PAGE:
2010 SSEP

FSGC supported grade 8 students from Crystal Lake Middle School in Broward county. The students from the school submitted 3 proposals for consideration. The selection committee selected the project Apples in Space. The selected team consists of 3 students and one teacher. For the experiment, the students allowed two apple seeds to germinate, one on the shuttle and one on earth in controlled conditions. After the germination process and both seeds are back on earth, they were planted. They were grown in the exact same conditions with the same water intake and sunlight. Their growth will be closely recorded and compared. After they have grown a reasonable amount of time, their height will be compared, as well as their pH levels.

NASA-FSGC Engineering Academies

This program has been inactivated


The Math, Science, and Astronomy Summer Camp

The Math, Science and Astronomy Summer Camp  is a partnership of NASA Florida Grant Consortium, Santa Fe College and The UF Department of Astronomy. This camp is dedicated to providing enriching opportunities in mathematics, engineering, science, and astronomy for underrepresented and minority students from middle schools in Alachua County. The camp also includes a life skills component that introduces students to life skills in preparation for college and or transition into the work world and training in computer applications. Other training areas include problem solving, teamwork, collaboration skills, building a sense of community and leadership development

In 2011, the camp was held from June 13-18, 2011.  This  week-long camp was designed to introduce middle school youth in East Gainesville to the importance of Math, Science, Astronomy and Life Skills in their daily lives. It was also designed to increase their interest and begin to pave the way to careers in these fields of study. These sessions  provided many opportunities for students to learn by participating in interactive sessions, hands on activities and exciting projects. Some of the projects and activities included

In 2012, the camp was held from June 18-24, 2012. 35 middle school students were enrolled in the camp.  The purpose of the project was to provide a one-week summer camp for students in grades 6-8 with opportunities to learn mathematics, science and astronomy with hands-on activities. Students participated in regular classroom instruction, mentoring, hands-on interactive activities, field trips and took advantage of educational materials and resources provided by Santa Fe College, East Gainesville Instructive Program, The university of Florida, Eastside Highs School and other local community based partners. A life skills component was also integrated into the program. Materials used for the life skills program were provided by the ARISE life skills curriculum for middle school youth. The overall goal was to increase minority representation in the math and sciences, enhance life skills and help pave the way to careers in math, science and astronomy or other related fields.  Approximately 95%of the students were African-American.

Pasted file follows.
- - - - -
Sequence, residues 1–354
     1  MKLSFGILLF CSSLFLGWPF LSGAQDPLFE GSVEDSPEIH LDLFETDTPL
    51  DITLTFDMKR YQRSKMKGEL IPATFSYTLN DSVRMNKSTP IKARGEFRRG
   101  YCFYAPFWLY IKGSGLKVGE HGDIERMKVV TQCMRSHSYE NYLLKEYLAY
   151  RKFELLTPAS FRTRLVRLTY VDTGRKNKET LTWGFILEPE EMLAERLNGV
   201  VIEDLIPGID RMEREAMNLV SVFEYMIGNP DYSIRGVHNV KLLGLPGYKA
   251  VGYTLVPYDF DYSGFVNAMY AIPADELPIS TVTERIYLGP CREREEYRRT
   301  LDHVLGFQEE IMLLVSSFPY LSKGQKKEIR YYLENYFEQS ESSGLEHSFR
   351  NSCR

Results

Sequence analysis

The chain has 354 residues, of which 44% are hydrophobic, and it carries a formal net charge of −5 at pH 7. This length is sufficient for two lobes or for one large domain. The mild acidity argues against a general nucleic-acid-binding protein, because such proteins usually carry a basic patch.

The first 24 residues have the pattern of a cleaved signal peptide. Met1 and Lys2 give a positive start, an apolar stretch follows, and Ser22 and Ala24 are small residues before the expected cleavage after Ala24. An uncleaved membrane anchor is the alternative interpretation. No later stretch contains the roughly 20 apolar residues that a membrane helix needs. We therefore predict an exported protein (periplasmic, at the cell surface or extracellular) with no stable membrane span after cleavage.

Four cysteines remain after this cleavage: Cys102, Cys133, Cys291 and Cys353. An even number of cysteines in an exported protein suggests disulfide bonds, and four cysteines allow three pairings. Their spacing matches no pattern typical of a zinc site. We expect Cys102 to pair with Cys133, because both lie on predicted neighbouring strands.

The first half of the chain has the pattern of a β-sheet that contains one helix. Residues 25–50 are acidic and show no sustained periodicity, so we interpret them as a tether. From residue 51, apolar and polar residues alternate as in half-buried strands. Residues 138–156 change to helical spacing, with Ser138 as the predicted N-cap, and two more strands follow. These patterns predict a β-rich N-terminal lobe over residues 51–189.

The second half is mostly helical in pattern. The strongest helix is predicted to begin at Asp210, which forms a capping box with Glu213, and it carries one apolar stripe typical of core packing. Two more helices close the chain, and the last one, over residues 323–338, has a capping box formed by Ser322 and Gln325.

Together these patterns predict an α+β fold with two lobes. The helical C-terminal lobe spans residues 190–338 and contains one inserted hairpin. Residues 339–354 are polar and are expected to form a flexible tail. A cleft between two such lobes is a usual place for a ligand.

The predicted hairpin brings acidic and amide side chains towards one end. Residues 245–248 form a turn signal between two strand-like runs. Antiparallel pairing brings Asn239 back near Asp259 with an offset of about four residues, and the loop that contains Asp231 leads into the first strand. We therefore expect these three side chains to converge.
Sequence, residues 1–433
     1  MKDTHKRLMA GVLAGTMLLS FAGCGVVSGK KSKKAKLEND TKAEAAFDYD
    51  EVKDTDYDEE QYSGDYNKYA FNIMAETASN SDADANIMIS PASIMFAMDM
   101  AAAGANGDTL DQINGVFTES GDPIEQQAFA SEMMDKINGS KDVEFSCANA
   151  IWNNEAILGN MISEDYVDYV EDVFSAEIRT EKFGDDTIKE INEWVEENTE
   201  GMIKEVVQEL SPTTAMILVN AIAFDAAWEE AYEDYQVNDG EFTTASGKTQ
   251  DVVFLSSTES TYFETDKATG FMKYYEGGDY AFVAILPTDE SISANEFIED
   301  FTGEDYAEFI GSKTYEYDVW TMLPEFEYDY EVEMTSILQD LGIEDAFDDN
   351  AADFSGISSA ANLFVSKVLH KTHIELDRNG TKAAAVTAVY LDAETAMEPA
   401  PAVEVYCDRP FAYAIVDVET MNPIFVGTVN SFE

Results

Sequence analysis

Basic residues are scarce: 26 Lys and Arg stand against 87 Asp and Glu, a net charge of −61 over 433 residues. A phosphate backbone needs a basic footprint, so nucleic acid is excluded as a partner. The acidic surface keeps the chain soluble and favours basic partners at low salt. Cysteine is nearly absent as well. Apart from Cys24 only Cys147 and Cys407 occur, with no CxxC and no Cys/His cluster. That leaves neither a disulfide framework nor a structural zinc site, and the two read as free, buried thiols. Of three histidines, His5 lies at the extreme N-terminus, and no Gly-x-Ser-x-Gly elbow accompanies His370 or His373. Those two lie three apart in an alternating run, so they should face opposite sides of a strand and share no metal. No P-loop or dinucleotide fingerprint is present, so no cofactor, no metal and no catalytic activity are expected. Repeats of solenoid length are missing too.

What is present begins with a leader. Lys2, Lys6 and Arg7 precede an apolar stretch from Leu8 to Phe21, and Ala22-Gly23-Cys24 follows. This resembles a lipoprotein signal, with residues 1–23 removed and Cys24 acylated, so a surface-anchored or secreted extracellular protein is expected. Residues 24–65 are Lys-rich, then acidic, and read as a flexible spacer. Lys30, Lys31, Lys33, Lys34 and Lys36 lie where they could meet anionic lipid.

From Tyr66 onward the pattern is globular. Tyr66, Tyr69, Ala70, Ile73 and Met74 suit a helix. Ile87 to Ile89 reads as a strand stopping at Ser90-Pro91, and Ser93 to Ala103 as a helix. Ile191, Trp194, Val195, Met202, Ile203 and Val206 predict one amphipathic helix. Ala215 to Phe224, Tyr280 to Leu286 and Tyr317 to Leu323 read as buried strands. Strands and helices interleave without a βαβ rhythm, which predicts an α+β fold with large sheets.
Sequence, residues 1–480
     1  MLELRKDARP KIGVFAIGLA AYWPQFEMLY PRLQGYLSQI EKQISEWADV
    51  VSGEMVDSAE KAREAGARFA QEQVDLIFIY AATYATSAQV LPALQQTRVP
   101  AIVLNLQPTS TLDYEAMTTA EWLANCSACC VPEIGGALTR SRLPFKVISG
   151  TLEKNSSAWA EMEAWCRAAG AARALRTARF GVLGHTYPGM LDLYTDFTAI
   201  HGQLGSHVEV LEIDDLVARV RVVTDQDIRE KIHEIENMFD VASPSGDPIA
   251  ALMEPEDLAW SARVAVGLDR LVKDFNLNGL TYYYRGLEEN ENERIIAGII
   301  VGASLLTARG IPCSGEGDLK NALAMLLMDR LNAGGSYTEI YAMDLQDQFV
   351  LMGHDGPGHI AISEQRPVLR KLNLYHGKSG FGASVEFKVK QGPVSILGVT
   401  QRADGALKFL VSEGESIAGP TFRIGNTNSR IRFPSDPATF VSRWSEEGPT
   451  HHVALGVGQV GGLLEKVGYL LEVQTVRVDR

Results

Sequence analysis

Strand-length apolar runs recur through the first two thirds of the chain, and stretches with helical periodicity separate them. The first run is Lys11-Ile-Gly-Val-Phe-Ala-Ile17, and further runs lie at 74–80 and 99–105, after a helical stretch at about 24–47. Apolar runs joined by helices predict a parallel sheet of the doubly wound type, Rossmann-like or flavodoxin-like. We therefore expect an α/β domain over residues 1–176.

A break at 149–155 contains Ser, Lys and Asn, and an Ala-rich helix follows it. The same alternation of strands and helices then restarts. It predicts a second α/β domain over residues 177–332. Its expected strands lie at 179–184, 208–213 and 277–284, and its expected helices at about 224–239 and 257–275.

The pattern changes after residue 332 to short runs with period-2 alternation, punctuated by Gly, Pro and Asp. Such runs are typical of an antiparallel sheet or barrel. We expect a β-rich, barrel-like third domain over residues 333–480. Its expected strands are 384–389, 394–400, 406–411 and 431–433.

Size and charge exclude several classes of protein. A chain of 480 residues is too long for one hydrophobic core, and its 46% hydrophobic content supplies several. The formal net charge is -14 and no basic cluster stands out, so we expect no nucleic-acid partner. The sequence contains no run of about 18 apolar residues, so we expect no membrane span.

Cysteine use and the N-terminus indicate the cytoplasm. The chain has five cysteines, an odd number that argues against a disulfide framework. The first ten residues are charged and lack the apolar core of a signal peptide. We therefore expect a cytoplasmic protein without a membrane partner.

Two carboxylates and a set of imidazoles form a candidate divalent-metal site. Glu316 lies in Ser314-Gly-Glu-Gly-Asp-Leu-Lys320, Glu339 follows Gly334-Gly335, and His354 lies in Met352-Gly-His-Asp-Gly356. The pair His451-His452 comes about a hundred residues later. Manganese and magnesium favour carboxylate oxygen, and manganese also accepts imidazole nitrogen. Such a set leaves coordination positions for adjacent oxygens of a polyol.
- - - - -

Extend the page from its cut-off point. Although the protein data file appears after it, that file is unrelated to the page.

Stardate Radio

The Florida Space Grant Consortium sponsors the Stardate radio broadcast at 10 radio stations in Brandenton, Dade City, Gainesville, Leesburg, Marianna, Miami, Orlando, Palatka, Panama City, and Tampa. The broadcasts are once daily for 5 days a week. In some cities the broadcasts are daily (every day and every week).

StarDate radio is the longest-running science feature in the country celebrated its 20th anniversary in 1997. StarDate began as a telephone message service and soon went on the air in Austin as a daily radio program, originally titled “Have You Seen the Stars Tonight?” With a new name and a grant from the National Science Foundation, the series began national distribution in 1978. Each month, StarDate offers a balance of astronomy and space-science topics. About half of each month’s programs are related to skywatching: eclipses, meteor showers, planetary conjunctions, stars and constellations, and so on.

Other topics are related to important anniversaries (the birthdays of important astronomers or anniversaries of key scientific discoveries or space-exploration accomplishments); recent discoveries in astronomy, astrophysics, and physics; Earth’s place in the cosmos; and a variety of topics that may be related only peripherally to the core subject of astronomy, but that help place astronomy in a broader historical, scientific, and cultural perspective.

Stardate Affiliates in Florida
City and State Station/Frequency Air Time(s)
Dade City, FL WDCF AM 1350 Mon – Sun 9:00AM
Gainesville, FL FIT Mon – Fri 6:29PM
Inverness, FL WJUF FM 90.1 Mon – Fri 6:29PM
Key West, FL WKIZ AM 1500 Mon – Sun 7:00AM
Mon – Sun 8:00AM
Mon – Sun 9:00AM
Mon – Sun 10:00AM
Mon – Sun 12:00PM
Mon – Sun 2:00PM
Mon – Sun 5:00PM
Mon – Sun 6:00PM
Mon – Sun 9:00PM
Mon – Sun 10:00PM
Leesburg, FL WLBE AM 790 Mon – Fri 12:15 PM
Marianna, FL WTYS FM 94.1 Mon – Sun 6:30AM
Orlando, FL WMFE FM 90.7 Mon – Thu 6:58PM
Fri 7:58PM
Palatka, FL WIYD AM 1260 Mon – Sun 10:39AM
Mon – Sun 10:20PM
Mon – Sun 2:40AM
Panama City, FL WKGC FM 90.7 Mon – Fri 11:58AM
St Augustine, FL WFCF FM 88.5 Mon – Sun 9:00AM
Tampa, FL WHNZ AM 1250 Mon – Fri 7:31PM
Sat – Sun 10:00AM

Workshop for Informal Educators

November 7-10, 2004
Kennedy Space Center Visitors Complex

Kennedy Space Center (KSC), Florida Space Grant Consortium (FSGC), Johnson Space Center (JSC), Marshall Space Flight Center (MSFC), and Stennis Space Center (SSC) will host a Return to Flight workshop at the John F. Kennedy Space Center to prepare Informal Education venues (museums, science centers, planetariums) to help NASApositively engage the public in the excitement of exploration and human space flight. You will be presented with information, materials and learning opportunities to help the general public understand what has been done to safely return the Space Shuttle to flight.